Jan Feenstra, managing director of Mowi Ireland, told the Sunday Independent that the current licensing system meant that plans to build new sites of Ireland’s west coast, which could create over 100 new jobs, have been mothballed due the glacial pace of the existing system.
"The investment has been channelled to other countries," he told the paper. "Unless we can secure the correct licences, that money is not going to be invested into the industry.
He went on to question the viability of country’s entire salmon sector
"If this doesn't improve in a few years' time, I don't think the industry will survive here. Some 10,000 tonnes will probably be produced in Ireland this year; our largest site in Norway is 15,000 tonnes. Why is there so much hassle over so little fish?” he told the paper.
Feenstra’s views have been echoed by other salmon farming interests. Earlier this year the Chairman of IFA Aquaculture, Michael Mulloy, criticised the Department of Agriculture, Food and the Marine’s “lack of support and failure to promote Irish aquaculture production” after output plummeted by 21 percent in 2018.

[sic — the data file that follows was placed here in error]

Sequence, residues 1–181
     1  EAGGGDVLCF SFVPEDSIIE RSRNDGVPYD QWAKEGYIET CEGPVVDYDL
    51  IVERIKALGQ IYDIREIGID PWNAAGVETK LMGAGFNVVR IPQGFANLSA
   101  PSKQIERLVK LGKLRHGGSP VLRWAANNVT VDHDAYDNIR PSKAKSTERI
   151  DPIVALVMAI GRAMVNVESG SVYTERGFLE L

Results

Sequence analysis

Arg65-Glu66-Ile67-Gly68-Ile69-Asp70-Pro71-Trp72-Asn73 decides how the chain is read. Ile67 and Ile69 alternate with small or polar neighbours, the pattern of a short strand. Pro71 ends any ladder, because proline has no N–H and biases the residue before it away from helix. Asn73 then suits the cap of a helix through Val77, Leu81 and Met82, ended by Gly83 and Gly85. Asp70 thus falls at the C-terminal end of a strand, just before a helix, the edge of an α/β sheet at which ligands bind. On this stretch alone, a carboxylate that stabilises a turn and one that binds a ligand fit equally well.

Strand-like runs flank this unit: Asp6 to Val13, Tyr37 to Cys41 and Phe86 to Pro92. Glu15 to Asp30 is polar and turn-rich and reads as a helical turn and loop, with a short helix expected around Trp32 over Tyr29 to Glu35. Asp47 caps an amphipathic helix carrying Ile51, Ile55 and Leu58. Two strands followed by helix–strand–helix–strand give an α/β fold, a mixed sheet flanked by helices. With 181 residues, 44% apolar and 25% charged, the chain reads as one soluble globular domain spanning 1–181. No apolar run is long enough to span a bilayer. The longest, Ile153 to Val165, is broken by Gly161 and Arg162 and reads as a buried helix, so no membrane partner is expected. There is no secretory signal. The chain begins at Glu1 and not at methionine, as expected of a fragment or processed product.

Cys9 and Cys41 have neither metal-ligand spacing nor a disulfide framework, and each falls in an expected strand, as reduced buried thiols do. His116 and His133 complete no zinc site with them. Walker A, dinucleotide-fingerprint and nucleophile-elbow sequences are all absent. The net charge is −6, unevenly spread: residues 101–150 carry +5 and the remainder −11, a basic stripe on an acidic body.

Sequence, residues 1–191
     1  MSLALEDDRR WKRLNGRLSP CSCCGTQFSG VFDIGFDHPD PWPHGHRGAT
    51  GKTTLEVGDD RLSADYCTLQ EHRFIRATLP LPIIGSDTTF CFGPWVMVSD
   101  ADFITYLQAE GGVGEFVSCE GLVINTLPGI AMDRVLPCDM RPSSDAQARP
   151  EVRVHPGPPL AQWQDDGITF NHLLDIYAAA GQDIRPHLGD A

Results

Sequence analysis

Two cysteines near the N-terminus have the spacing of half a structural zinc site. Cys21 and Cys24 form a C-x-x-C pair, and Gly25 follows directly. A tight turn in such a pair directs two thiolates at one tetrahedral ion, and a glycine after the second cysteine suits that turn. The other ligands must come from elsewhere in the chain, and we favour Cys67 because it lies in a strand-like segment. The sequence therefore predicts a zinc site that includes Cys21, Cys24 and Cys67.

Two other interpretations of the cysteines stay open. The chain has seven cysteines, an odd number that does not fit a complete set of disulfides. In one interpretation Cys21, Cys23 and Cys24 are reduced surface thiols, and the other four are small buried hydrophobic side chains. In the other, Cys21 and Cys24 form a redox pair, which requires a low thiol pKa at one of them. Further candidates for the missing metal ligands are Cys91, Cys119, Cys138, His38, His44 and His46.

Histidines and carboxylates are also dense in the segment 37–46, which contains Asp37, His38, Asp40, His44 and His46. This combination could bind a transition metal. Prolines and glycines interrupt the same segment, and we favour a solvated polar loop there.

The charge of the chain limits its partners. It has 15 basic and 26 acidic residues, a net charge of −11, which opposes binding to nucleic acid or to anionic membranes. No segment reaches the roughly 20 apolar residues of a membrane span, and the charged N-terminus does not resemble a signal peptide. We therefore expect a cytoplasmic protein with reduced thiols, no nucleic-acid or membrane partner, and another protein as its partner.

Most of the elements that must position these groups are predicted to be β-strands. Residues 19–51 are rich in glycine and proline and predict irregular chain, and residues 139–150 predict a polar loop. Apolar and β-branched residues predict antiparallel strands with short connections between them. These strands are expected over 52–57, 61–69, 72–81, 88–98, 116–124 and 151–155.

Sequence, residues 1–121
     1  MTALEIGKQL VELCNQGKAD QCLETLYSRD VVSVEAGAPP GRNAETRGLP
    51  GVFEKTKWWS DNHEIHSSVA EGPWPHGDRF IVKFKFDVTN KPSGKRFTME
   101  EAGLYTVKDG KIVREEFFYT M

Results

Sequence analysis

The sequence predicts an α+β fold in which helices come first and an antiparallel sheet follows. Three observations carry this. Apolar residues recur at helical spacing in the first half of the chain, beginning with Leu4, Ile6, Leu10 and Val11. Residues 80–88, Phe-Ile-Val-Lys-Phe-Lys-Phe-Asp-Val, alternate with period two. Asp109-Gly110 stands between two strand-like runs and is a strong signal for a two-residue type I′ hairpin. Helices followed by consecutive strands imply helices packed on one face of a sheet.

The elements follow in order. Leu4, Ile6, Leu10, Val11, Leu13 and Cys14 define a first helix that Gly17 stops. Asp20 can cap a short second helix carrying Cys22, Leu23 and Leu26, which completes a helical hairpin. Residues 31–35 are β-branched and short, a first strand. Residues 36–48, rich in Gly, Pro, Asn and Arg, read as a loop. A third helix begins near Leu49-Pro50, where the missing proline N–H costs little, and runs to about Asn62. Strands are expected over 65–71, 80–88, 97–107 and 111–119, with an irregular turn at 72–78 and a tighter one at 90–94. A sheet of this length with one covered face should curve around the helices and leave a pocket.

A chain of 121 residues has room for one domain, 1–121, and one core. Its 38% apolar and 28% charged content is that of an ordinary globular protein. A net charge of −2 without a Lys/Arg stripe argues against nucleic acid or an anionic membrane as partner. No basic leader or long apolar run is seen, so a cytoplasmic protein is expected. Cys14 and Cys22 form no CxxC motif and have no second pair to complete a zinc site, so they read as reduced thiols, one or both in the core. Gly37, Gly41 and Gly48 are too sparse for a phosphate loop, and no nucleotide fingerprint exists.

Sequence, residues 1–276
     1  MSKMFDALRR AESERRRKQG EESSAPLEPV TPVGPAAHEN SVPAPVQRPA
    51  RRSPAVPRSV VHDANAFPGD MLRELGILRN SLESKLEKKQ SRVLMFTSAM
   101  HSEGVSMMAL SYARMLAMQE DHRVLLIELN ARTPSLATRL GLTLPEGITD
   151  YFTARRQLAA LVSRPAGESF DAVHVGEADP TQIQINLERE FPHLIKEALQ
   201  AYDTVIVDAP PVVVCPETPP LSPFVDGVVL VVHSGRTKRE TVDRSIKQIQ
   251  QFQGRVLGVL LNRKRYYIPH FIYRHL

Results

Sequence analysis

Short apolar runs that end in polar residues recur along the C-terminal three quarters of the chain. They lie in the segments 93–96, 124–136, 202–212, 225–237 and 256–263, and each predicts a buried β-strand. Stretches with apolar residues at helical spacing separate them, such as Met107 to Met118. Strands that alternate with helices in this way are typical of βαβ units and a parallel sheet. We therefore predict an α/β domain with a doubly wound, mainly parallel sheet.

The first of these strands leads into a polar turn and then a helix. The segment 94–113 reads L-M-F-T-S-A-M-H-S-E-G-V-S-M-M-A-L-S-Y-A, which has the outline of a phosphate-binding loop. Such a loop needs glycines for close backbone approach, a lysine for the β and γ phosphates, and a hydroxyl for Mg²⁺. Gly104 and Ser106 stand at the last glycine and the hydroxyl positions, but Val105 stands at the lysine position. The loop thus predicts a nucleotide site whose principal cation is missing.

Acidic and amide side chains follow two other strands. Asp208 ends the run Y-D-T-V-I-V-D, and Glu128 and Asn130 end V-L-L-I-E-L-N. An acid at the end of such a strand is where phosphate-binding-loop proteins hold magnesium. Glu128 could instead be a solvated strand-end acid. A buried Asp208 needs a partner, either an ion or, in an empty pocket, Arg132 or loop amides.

The most dramatic fall was in salmon production, where 12,200 tonnes were produced in 2018 – a 39 percent reduction on the previous year.
Mowi’s grievance has been compounded after the company had a licence for its farm at Deenish Island in Co Kerry revoked in April, after being accused of harvesting more than twice the amount of salmon it was allowed to in 2016. The company is currently seeking a judicial review.